FOR IMMEDIATE RELEASE
July 22, 2009
Gyda field re-development focuses on ease of maintenance and space saving
The Norwegian Gyda field, located between Ula and Ekofisk in the southern part of the North Sea, proven in 1980 started production in June 1990. Developed with a combined drilling, accommodation and processing facility with a steel jacket, the facility supplies approximately 14,000 barrel of oil per day. The Gyda field is considered amongst many, as a mature field in terms of current reserve depletion. Gyda is ideally suited to owners Talisman Energy’s North Sea strategy, which focuses on mature and small field development, with ample potential for significant new investment.
Part the estimated CDN$200 million investment was a drive to increase efficiency, while increasing productivity. In the Autumn of 2007 Talisman approached Sørco, with the view to utilise their experience and expertise in upgrading the performance of oil and gas facilities in operation. After going through overall specification with Talisman, Sørco approached Haakon Ellingsen to produce 8 Wellhead control panels for the GYDA platform.
As part of the specification, Talisman had a requirement for a compact design but with serviceable components. Haakon Ellingsen designed, manufactured and tested the wellhead control panels. UK manufacturer Midland-ACS were chosen as the preferred partner due to their experience in design, engineering capabilities and their total solution status. Over the course of meetings with Sørco and Haakon Ellingsen it was decided that a manifold solution would produce the best results, while conforming to a variety of regulations and the express requirement of Talisman for a compact design.
As the appointed manifold provider Midland-ACS assumed responsibility for engineering, procurement co-ordination, fabrication and assembly, as well as the testing of the assembled manifolds. In order to add further value all of the required design work was completed by their own engineering team. Due to the nature of the suggested manifold solution several gains in a number of keys areas were achieved including less tubing, space saving, weight and maintenance. Using the latest 3D Solidworks modelling to design the system and check that the space was serviceable for maintenance purposes, their engineers also animated and analysed the flow through the manifolds to spot efficiency gains wherever possible, as well as identifying potential leak points and eliminating them. A highly desirable feature in exposed and difficult to access areas on oil rigs.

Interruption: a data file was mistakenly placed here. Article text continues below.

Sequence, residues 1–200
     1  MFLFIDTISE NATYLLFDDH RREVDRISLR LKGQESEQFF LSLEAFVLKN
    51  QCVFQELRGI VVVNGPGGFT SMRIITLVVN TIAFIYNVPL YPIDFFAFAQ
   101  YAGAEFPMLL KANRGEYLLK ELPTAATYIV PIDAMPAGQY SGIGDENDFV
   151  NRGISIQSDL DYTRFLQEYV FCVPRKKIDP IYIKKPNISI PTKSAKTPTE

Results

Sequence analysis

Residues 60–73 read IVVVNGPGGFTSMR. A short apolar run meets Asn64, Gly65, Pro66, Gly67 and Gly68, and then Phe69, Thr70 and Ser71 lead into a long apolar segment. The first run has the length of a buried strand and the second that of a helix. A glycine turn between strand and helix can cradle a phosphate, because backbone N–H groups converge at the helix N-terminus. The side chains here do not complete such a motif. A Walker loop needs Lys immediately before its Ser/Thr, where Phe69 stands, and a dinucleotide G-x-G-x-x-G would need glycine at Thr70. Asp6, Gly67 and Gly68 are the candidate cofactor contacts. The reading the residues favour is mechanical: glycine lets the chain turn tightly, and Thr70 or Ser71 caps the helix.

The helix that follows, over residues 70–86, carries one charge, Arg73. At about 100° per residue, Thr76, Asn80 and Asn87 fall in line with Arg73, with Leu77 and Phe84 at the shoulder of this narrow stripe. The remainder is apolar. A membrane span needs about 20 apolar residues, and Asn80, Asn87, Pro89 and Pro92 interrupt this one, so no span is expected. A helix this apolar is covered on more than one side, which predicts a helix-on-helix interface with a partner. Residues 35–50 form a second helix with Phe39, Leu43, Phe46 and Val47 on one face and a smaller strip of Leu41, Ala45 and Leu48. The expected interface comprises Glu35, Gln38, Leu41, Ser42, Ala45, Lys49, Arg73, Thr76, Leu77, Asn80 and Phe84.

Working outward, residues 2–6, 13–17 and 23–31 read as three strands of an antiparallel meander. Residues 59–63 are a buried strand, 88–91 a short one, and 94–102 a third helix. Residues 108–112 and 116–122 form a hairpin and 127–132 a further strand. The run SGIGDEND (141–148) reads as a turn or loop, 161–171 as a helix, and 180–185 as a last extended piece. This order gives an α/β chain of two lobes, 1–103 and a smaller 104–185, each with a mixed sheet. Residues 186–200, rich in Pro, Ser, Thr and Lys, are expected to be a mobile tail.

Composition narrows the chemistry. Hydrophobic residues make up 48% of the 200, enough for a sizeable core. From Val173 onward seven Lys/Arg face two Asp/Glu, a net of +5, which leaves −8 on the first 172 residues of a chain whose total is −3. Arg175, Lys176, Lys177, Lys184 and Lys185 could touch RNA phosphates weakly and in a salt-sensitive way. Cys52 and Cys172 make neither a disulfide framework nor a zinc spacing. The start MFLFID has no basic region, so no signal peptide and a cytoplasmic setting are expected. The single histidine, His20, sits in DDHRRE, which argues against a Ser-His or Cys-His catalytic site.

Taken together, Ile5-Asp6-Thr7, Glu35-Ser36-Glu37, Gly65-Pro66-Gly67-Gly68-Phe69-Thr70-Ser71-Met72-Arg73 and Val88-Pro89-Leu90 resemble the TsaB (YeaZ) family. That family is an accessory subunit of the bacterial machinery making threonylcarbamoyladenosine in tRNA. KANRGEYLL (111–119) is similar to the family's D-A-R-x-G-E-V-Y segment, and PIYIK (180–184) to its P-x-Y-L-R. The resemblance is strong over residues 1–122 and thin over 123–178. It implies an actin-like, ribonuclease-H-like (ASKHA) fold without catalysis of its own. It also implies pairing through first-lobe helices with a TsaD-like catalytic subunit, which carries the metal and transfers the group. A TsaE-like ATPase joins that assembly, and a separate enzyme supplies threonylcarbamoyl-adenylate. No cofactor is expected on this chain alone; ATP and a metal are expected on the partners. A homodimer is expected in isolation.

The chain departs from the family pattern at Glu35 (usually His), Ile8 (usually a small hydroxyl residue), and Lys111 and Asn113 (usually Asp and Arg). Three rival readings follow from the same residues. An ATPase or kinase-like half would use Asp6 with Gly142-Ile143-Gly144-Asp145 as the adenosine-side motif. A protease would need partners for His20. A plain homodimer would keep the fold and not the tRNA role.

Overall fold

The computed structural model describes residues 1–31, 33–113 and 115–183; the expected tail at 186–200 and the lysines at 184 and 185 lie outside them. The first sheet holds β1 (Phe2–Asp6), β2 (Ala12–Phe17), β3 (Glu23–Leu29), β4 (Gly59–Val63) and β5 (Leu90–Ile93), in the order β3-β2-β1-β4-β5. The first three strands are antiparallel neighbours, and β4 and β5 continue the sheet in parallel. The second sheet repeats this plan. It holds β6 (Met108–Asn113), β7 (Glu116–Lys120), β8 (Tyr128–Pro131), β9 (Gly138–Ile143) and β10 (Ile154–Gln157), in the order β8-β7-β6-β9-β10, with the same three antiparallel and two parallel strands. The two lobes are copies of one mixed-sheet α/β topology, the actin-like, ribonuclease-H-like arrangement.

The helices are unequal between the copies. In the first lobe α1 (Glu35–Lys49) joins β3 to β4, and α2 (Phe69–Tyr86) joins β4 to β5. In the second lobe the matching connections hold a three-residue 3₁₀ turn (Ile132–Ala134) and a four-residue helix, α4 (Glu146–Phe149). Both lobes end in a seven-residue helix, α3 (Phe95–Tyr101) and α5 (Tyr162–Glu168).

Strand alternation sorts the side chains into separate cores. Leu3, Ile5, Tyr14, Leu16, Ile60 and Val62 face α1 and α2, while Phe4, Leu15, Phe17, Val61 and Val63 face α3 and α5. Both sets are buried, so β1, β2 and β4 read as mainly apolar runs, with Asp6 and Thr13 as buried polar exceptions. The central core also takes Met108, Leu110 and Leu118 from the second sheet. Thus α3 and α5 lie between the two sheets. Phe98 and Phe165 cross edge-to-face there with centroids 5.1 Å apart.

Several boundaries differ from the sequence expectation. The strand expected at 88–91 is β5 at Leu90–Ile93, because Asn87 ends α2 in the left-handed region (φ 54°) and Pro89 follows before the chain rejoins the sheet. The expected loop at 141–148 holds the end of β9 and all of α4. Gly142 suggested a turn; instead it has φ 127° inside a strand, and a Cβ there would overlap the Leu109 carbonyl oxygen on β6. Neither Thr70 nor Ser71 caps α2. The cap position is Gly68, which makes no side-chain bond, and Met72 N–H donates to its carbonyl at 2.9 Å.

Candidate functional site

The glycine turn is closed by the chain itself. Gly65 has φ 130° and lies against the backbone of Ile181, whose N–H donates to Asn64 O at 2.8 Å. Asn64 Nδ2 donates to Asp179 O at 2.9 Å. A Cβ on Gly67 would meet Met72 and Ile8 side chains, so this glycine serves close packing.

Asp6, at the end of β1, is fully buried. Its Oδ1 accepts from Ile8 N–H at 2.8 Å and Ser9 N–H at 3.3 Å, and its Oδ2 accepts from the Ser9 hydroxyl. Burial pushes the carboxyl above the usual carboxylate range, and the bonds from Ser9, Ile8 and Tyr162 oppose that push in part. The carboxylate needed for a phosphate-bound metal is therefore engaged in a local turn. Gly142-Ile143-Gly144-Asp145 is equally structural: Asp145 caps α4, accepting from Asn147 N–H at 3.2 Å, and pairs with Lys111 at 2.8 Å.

The design was split into 2 parts, whereby Ellingsen would be responsible for the complete design of the panel itself and Midland-ACS would design the manifold solution.
Due to the environmental conditions associated with working the North Sea and to ensure the longevity and long term reliability of the manifolds, they were constructed from 316 Stainless Steel, widely renowned as being a material of choice for both hazardous area and industrial use.
Consisting of two wellhead control manifolds for AMV and ASV control the manifolds are made up of 8 and 16 valve multi-stations with the capacity for future stations. The manifolds have a maximum operating pressure of 370 bar with a nominal flow rate of 5 l/min. As part of the design, integral modules for isolation and check valves were also incorporated allowing a quick and easy change out of any individual solenoid valve in the event of a problem. This design means that the whole panel does not need to be shut down only that particular channel, resulting in diminished losses in production and shut down time.
Controlling the manifolds are Midland-ACS’s well known low power consumption, 3/2 normally closed, DN3 series hydraulic valve. The valves feature auto-reset and manual resets for PSD and ESD control. They are also compliant to EExme II T4 and ATEX II 2 G standards with a maximum operating pressure of 690 bar.
The completed manifold and their solenoid operators were subject to rigorous test procedures in accordance to Quality Assurance standards, FMEA tool deployed to drive control plans and internal audit schedules prior to despatch. The manifolds were then supplied to Ellingsen with test reports and full documentation packs.
Space on any platform is always at a premium, therefore as part of the program to reduce space used, while increasing efficiency but for less over all weight, Ellingsen designed the panels to be able to control up to 8 wellheads. This signified a big step forward whereby previously there would be 1 panel per wellhead for control. Currently there are solenoids are in place to control 6 wellheads per panel, with the option for further expansion should future production require it.
Ellingsen produced 2 panels in total weighing 500 kilos (1102 lb) each. As a first for the Norwegian company, the panels represented the 1st time they had designed and made such complex control panels. Making use of clean design principles with a key view being ease of maintenance, the power, electric and hydraulic signals were placed on right of the panel with the output signal on left.
It was deemed necessary and an important part of the panel design, to have the RMA valve on deck to act as a 2nd barrier between well and platform. In uncontrolled situations the RMA valve could shut the situation down in a matter of seconds, providing a better safety system based on regulations provided by the Norwegian government. The panels in addition were designed to conform to incoming regulations and NORSOK standards.
To thoroughly show off the level of quality of the design and engineering work that had been done, on the factory acceptance inspection of the completed panel assembly, Sørco made absolutely no comments. Another first for both Midland-ACS and Ellingsen.
Images produced care of and with permission from Haakon Ellingsen.